That person was chef Alex Seidel, founder of Fruition and Mercantile Dining & Provision, who just happened to be formulating a new restaurant idea with business partners Adam Schlegel, co-founder of Snooze, and Randy Layman, who'd managed the bar at Steuben's and Ace Eat Serve (among other establishments) and recently acted as sales director for Leopold Bros.
After spending nearly two years in Australia with his wife (a native of the country), Schlegel had become obsessed with the fire-roasted rotisserie chicken, called "chook" in Australian slang, that he found in so many corner shops and bars there. At the same time, Seidel had been looking at reasons why small-scale poultry farming in Colorado was so expensive.
"This has been his brainchild, and he's been talking about chicken for quite a while," Seidel says of Schlegel. Seidel, too, was intrigued, interested in finding an affordable solution for families who want quality chicken from sustainable sources. "We've even struggled at Mercantile and Fruition to keep good poultry," he adds.
So the two came up with the concept for Chook (rhymes with "cook"), a fast-casual rotisserie chicken restaurant that will open in the former Village Cork space at 1300 South Pearl Street near the end of the year. "How can a family of three or four walk away for under $40 and be full and feel good about what they're putting in their body?" Seidel asks. Chook is his answer.
While prices haven't been entirely set, he and Schlegel agree that a whole bird and four sides (with options like mashed potatoes, roasted potatoes or broccoli salad) should ring in at about $40, with a quarter of a chicken and a side priced at $12, and a pulled-chicken sandwich (on a "Pacific roll" made by Füdmill, Seidel's wholesale bakery) with a side coming in at $11.
Since opening Fruition in 2007, Seidel has worked to build up Colorado's food system to get more locally grown food onto plates. He also owns Fruition Farm and Fruition Farm Creamery, which provide produce and artisan cheese for his restaurants and beyond. Schlegel and Seidel want to put the same kind of support and effort into local poultry farming, although they're not yet ready to become chicken farmers themselves.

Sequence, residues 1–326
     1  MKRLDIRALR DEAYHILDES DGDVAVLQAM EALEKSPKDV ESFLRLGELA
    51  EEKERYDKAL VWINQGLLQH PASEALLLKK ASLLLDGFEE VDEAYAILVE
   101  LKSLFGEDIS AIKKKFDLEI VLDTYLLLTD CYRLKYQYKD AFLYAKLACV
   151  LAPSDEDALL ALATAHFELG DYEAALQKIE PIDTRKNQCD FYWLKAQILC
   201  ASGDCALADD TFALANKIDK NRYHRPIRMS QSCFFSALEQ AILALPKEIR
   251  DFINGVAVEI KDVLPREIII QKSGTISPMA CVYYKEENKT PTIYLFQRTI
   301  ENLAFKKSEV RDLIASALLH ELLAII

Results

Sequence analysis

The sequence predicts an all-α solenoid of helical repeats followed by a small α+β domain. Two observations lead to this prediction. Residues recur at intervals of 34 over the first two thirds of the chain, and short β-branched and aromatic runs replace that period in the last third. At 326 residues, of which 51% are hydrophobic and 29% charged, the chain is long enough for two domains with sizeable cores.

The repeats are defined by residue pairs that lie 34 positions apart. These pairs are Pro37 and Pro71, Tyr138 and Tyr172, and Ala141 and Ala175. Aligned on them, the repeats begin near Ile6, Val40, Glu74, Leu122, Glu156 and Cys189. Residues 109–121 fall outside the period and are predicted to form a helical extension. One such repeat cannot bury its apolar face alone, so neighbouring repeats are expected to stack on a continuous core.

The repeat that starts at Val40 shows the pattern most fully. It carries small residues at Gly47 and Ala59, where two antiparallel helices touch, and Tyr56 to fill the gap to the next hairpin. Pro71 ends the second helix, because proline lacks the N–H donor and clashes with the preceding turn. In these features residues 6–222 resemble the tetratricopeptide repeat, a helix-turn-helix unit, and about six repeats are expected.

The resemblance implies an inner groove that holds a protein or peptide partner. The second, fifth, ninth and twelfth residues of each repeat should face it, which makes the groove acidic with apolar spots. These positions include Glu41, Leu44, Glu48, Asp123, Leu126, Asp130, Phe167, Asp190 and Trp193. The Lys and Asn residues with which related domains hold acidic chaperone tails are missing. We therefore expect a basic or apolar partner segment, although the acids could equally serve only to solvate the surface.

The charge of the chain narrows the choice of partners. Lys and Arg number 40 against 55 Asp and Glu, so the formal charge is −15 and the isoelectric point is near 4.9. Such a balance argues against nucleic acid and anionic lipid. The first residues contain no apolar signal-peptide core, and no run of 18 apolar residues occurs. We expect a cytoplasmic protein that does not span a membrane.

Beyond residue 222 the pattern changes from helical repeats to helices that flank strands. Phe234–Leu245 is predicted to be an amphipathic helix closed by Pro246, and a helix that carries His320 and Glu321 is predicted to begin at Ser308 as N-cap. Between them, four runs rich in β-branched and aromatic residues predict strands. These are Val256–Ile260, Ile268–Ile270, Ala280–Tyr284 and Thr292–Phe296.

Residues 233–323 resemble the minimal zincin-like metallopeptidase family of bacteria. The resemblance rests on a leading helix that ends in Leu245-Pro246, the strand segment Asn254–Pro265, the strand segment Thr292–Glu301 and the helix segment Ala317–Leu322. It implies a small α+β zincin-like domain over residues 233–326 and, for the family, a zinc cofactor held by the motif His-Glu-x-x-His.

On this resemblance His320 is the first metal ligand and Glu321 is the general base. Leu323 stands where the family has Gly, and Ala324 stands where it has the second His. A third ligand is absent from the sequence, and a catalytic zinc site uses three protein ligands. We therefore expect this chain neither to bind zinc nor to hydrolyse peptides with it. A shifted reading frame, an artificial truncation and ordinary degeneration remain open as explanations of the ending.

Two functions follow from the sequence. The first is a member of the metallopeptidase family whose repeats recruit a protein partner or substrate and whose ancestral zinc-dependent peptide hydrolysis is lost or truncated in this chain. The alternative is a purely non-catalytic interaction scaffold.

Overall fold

Seidel points out that small Colorado farmers can't take advantage of economies of scale to keep processing prices low once the chickens are sent for slaughter, but he thinks continuing to support those farms will help in the long run. So instead of paying lower prices for inferior chicken, Chook will rely on strategy to keep down prices for quality bird at the cash register. "It's based on the service model, menu engineering, efficient food prep and having the team to execute," Seidel explain. Equality between front and back of house and paying everyone a living wage are also important, Schlegel adds.
And that's where Layman comes in. "I'm the one that's lucky enough to be here running this place every day," he says. "I'll be looking at the big pictures of food sourcing and how we treat our employees."
He'll also apply the idea of affordability to his bar program, which will include draft beer and wine as well as a creative solution to less expensive cocktails. In Australia, he points out, beer is served in pints as well as in ten-ounce "pots." Chook will have pots of beer, too, and the name gave him the idea to serve pre-batched cocktails in a different kind of pot. He sourced French yogurt jars that will serve as cocktail containers he's calling "happy pots," complete with sealed lids. Customers can peel the lids and drink directly from the jar or pour the drink into a glass of ice. For wine, Schlegel says he's found an inexpensive source in Italy, so he'll have red, white and rose varieties from the Barolo region that will be poured on tap and that customers can take home in bottles.
Expect similar creativity when it comes to the chicken. Seidel says that brining chicken is the best way to ensure consistent flavor and moisture when cooking large quantities, but notes that brining adds additional costs to production. So he streamlined the process used at his other restaurants to cut back on the prep time and number of ingredients while still achieving a flavorful result. He also worked with Savory Spice owner Mike Johnston to come up with Chook Chicken Salt, a seasoning made with dried chicken skin, chanterelle mushrooms, tomato powder and other spices; the seasoning will be used on Chook's roasted potatoes as a way to boost flavor without deep-frying (since there will be no fryers in the restaurant). The salt will also be sold at Savory Spice shops and online beginning October 4. And because there are usually leftovers with roast chicken, the chef is designing a take-home kit with stock, veggies, grains and a recipe for "booyah stew," a favorite in the Great Lakes region where he grew up.
When Chook opens, Seidel, Shlegel and Layman expect the restaurant to be a family-friendly place with enough room for about forty customers inside, with a setup built for easy takeout. (Seidel is even considering curbside takeout so customers with kids in tow don't have to get out of the car.) Their commitment to the neighborhood extends beyond serving chicken, though; there will also be a "community chest" where guests will be able to use tokens to vote for a charity of the month (nearby schools and non-profit organizations), and Chook will donate 1 percent of its sales every month, dividing the proceeds among the winners that month.
With Schlegel already accustomed to branching out with new outposts of Snooze (the next one will open in Charlotte, North Carolina) and the team's desire to positively influence Colorado's chicken-farming economy the way Chipotle and Niman Ranch did with pork, Chook could well grow beyond a single shop in Platt Park — in which case chicken farming could become part of the equation.